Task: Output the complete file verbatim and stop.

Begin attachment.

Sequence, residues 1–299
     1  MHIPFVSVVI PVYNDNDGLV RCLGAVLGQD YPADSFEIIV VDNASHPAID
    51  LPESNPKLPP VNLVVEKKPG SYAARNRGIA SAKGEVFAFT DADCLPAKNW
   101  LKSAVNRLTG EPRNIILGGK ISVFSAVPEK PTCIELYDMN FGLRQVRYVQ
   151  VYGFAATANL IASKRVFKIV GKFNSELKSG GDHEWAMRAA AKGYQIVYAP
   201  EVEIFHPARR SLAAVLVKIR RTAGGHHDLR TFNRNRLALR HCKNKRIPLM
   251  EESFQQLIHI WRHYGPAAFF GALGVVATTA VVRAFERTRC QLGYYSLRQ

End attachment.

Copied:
Sequence, residues 1–299
     1  MHIPFVSVVI PVYNDNDGLV RCLGAVLGQD YPADSFEIIV VDNASHPAID
    51  LPESNPKLPP VNLVVEKKPG SYAARNRGIA SAKGEVFAFT DADCLPAKNW
   101  LKSAVNRLTG EPRNIILGGK ISVFSAVPEK PTCIELYDMN FGLRQVRYVQ
   151  VYGFAATANL IASKRVFKIV GKFNSELKSG GDHEWAMRAA AKGYQIVYAP
   201  EVEIFHPARR SLAAVLVKIR RTAGGHHDLR TFNRNRLALR HCKNKRIPLM
   251  EESFQQLIHI WRHYGPAAFF GALGVVATTA VVRAFERTRC QLGYYSLRQ